Twenty young scientists have been selected to present their research during #LINO70 in their very own session format: Next Gen Science. Today, the first 7 of them showed what the next generation of the brightest minds is working on: data-driven chemistry, solar-powered artificial photosynthesis or avoiding t-cell ‘traffic jams’ – to name just a few. Be sure not to miss the following two Next Gen Science sessions on Wednesday, 12.45 – 14.15 CEST and Thursday, 9.15 –11.00 CEST.
#LINO70 participants will also find the presenting young scientists in their own Hopin Expo booth for the Next Gen Science Follow-up. Refer to the Hopin FAQ or our Chat Support for the time slots.
Video of the Day
Today’s video of the day comes from one of our partners, Mars, Inc. The video shows the cooperation with the Lindau Meetings and the amazing projects this scientific exchange supports.
Session of the Day
Laureates Bill Phillips and Serge Haroche really wanted to know who they’re dealing with, before starting their Agora Talk on quantum science earlier today. Although their audience was spread around the globe, there was a way: a simple survey through our online platform revealed that around 45% of the audience had no physics, but a chemistry, biology or medicine background. An interdisciplinary meeting indeed!
Being the eminent quantum scientists they are, of course they could easily adapt their talk accordingly and explain the research field as well as its technological applications in a way fit for any audience.
Lindau Guidelines: Goal of the Day
Goal 03: Share Knowledge
Without sharing knowledge, there would be little to no progress. By sharing information, progress can be achieved faster and ultimately more efficiently. The Lindau Meetings foster the exchange of knowledge and information in many ways. And Goal 03 of the Lindau Guidelines stipulates the basic principle – taking a stance for open and cooperative science, inclusive science communication and against false information. Find the full text of all goals on the website through the link below.
The Lindau Guidelines: endorsed by many Nobel Laureates – now open for you to sign!
70 Years Lindau Meetings: Historic Highlight of the Day
The Lindau Nobel Laureate Meetings have always been a platform to educate each other; to inspire great research; to connect generations and let them benefit from their exchange. As you see in this picture from 1980, showing Laureate Ernst Otto Fischer address several young scientists, a kind of mentoring has long been integral to the meetings. Today’s project presentation demonstrated how that mission can be translated into the digital realm: the Lindau Mentoring Hub. In their conversation with Brian Malow, Lindau Alumni Iris Odstrcil and Michael Margineau explained what the Mentoring Hub is, how it works and when it will launch!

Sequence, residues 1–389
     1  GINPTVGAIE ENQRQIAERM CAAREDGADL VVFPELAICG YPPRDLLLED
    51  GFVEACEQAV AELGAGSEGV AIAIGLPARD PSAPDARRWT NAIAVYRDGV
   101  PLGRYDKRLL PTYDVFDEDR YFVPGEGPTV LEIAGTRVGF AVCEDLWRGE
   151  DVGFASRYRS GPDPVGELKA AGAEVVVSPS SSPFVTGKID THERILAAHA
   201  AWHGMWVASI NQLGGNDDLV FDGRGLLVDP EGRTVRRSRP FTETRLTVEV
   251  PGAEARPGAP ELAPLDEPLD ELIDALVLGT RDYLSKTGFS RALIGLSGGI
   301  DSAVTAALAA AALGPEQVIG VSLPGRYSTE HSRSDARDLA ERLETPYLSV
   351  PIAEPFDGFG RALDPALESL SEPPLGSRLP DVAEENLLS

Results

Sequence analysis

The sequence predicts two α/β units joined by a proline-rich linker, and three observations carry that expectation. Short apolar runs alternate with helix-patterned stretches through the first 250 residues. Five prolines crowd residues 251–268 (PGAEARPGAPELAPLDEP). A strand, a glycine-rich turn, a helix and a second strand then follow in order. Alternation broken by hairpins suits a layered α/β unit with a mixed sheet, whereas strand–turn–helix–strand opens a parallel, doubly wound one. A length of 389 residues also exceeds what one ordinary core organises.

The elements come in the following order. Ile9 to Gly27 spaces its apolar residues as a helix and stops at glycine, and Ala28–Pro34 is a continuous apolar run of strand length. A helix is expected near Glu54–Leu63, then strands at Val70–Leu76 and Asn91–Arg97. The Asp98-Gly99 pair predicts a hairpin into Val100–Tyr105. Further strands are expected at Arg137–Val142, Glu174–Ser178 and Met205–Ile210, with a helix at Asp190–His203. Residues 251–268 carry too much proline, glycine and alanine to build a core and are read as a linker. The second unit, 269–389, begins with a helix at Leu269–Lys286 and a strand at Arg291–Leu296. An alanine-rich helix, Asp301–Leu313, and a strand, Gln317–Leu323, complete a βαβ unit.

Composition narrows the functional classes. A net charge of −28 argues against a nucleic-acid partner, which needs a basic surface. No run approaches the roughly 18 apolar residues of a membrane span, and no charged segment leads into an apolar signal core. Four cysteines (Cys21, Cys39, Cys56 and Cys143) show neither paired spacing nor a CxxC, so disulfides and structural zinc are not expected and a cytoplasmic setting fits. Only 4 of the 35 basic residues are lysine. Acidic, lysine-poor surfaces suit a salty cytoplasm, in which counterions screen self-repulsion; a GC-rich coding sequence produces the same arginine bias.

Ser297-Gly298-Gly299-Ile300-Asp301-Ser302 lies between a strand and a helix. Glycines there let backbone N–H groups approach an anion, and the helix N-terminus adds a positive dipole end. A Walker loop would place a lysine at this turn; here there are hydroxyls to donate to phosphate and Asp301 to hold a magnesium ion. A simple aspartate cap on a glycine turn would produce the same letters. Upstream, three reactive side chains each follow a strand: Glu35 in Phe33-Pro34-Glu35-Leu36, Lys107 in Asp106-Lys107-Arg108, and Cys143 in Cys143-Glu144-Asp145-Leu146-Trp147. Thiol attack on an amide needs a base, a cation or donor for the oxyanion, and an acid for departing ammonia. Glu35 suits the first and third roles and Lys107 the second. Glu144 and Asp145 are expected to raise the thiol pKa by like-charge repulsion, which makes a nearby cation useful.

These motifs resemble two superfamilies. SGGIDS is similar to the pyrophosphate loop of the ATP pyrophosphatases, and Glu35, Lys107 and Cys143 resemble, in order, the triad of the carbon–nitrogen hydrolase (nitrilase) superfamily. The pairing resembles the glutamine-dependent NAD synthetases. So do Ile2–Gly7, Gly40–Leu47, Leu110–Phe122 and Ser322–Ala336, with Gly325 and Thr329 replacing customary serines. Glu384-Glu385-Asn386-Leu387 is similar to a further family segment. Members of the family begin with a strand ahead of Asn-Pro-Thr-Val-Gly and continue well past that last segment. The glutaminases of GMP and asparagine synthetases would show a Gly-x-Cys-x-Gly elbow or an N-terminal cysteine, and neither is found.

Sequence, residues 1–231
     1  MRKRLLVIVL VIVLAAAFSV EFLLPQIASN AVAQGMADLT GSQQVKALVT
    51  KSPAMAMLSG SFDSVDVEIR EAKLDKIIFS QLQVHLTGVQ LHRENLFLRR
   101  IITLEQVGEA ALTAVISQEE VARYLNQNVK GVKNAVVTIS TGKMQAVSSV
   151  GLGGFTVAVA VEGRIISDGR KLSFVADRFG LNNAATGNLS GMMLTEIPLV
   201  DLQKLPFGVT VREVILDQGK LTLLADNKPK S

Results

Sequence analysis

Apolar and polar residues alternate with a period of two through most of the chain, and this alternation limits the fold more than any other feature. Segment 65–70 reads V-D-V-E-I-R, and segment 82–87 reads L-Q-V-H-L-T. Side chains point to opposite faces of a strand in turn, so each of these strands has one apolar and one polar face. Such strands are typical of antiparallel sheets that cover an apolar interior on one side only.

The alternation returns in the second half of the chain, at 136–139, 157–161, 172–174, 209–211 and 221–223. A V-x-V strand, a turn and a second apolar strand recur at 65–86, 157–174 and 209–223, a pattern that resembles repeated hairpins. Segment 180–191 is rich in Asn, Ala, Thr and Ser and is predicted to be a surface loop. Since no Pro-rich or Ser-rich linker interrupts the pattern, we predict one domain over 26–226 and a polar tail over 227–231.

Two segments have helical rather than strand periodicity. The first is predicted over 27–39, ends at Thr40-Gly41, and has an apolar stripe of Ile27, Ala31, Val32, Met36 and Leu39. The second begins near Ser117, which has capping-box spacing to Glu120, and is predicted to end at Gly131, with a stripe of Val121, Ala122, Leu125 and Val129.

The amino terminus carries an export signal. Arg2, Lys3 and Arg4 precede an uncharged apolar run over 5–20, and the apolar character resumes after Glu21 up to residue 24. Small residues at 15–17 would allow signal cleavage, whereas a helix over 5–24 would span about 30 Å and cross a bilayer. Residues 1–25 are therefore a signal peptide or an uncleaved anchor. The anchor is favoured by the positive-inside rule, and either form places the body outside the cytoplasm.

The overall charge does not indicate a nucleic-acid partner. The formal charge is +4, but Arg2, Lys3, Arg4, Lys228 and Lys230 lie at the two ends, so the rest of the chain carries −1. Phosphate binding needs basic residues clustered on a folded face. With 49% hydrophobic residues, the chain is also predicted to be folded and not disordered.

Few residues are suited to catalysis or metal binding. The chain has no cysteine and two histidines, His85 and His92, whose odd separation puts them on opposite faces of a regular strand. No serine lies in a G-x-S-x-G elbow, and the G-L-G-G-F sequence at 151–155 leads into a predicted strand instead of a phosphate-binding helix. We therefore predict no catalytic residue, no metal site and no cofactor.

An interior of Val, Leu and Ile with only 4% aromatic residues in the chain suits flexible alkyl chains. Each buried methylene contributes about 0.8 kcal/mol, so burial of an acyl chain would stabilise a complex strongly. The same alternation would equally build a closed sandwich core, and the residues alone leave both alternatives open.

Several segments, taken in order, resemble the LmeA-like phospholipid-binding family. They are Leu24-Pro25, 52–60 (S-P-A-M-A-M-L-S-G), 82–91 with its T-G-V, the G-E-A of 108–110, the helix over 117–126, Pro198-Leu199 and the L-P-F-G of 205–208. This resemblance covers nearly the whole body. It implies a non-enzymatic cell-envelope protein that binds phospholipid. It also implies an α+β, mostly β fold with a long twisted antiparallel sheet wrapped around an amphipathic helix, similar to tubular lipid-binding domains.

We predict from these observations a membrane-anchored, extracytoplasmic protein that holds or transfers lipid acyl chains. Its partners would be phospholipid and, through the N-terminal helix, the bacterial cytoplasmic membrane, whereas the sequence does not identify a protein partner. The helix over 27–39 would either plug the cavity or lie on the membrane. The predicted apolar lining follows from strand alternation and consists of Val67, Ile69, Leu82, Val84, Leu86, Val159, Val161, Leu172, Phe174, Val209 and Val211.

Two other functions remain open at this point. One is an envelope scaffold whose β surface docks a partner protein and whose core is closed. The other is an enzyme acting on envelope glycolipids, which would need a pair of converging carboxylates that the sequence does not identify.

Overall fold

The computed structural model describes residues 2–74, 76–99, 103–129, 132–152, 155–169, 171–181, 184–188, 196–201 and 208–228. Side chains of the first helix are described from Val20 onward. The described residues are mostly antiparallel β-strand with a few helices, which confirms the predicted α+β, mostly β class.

Lindau Alumni will also find additional information in the Alumni Network in the coming weeks!
Outlook on Tomorrow’s Programme
Tomorrow, our programme gives you a little bit extra of everything. We start with the highly anticipated panel discussion ‘Energy and Climate’, which isn’t the only full-length panel of the day. Before the second panel – titled ‘Dark and Black’ – there will be three lectures by Laureates celebrating their Lindau-premiere, Tasuku Honjo, Richard Henderson and James Allison; a conversation with Nobel Peace Laureate Kailash Satyarthi and two more networking breaks. The second round of Next Gen Science, additional Agora Talks and Open Exchanges as well as the Heidelberg Lecture complete another tightly scheduled day of #LINO70.
Find the full week programme in our mediatheque.
Wednesday, 30 June
07.00 – 08.30 CEST: Panel Discussion Energy and Climate
08.30 – 09.15 CEST: Break Workout
09.15 – 10.00 CEST: Lecture Honjo
10.00 – 11.00 CEST: Conversation Satyarthi
11.00 – 12.00 CEST: Break Networking
12.00 – 12.45 CEST: Lecture Henderson
12.45 – 14.15 CEST: Next Gen Science
14.15 – 15.45 CEST: Open Exchange
15.45 – 16.30 CEST: Lecture Allison
15.45 – 16.30 CEST Lecture Whittingham
16.30 – 17.00 CEST Break Networking
17.00 – 18.00 CEST: Agora Talks
18.00 – 19.30 CEST: Panel Discussion Dark and Black
19.30 – 20.15 CEST: Heidelberg Lecture
20.15 – 21.45 CEST: Open Exchanges